At press time, the latest R. Kelly news is that the disgraced singer’s live-in girlfriends, Jocelyn Savage and Azriel Clary, ...
“There weren’t any rules or regulations based on your work experience or title,” said Federation of Protestant Welfare Agencies Executive Director Jennifer Jones Austin at the National Urban League headquarters Tuesday morning. “And I assumed a senior vice president role.” It took her about six months to learn that two of her colleagues, who also served in senior VP roles at the nonprofit, made more money than she did. When she confronted her bosses about it, she was met with excuses.
“I was told, ‘Well one is managing the finances and one of them is helping to raise the money,’” said Austin. “But I’m building the product. I actually had to fight for it.”
Austin was part of a panel discussion co-hosted by the Essence magazine and the New York State Council on Women and Girls about the wage gap and Black women. It’s the first of several regional forums that will be held across the state addressing economic security and opportunity.
Although Austin was talking about her first nonprofit job, she could’ve easily been talking about any workplace in New York City and New York State.
Tuesday marked Black Women’s Equal Pay Day and reports from local government officials showed how wide the wage gap is between Black women and white men.
A new analysis by New York City Comptroller Scott Stringer showed that in 2016, Black women working full time in the five boroughs made 57 cents for every dollar paid to white, non-Hispanic men, earning an average of $32,000 less annually, and the wage gap for Black women in the city is larger than for Black women in New York State and in the United States.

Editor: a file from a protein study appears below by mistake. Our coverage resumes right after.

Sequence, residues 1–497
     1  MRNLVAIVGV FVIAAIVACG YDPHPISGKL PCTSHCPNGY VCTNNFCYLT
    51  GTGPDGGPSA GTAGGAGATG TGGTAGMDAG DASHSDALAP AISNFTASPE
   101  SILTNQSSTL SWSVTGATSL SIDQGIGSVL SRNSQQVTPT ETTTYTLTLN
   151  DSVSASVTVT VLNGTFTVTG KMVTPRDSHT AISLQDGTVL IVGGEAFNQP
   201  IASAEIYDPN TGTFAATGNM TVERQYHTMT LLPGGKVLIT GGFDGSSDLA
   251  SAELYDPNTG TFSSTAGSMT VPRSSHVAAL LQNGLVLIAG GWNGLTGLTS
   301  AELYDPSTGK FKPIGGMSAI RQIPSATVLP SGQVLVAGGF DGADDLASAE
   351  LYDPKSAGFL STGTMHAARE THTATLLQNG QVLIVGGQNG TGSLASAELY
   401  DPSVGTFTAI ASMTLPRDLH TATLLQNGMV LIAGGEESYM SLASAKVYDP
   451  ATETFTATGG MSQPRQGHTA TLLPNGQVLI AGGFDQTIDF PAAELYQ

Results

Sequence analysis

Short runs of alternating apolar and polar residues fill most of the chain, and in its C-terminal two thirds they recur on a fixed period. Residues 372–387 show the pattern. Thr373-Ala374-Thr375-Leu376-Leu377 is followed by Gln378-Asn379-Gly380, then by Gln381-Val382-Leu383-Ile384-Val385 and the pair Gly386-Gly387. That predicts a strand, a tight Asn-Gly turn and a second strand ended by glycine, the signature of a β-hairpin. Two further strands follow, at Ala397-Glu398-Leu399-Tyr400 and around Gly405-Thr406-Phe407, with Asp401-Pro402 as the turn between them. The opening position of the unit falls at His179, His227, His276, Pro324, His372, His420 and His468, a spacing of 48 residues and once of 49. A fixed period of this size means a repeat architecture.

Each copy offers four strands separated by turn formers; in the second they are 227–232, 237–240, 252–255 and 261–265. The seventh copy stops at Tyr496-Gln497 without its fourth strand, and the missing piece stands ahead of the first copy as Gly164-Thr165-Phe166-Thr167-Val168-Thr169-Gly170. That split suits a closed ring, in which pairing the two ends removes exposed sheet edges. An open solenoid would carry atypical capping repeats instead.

When extracted to cover a 40-year working career, the median full-time working Black woman in New York City would make $1.27 million less because of the gender wage gap. According to the report, a Black woman in New York City would have to work 30 additional years to attain the same level of earnings as white men in the city.
“In a city like New York that touts its progressive ideals, it is an outrage that Black women in 2018 are still denied economic equality,” said Stringer in a statement. “As a city we’re failing to level the playing field for Black women and denying them the opportunity to buy their own home, pursue more education or have economic security. They should not have to work an additional 30 years to earn the same living as a white man. If New York is going to continue to be a progressive leader in this country, city leaders need to put immediate plans into action.”
The panel at the National Urban League headquarters also included NAACP New York State Conference Head Dr. Hazel Dukes, New York State Department of Civil Service Acting Commissioner Lola Brabham, Black Women’s Blueprint Executive Director Farah Tanis, Carver Federal Savings Bank Chief Lending Officer/Senior VP Blondel Pinnock and UFT VP for Academic High School/NYC Central Labor Council Secretary-Treasurer Janella Hinds.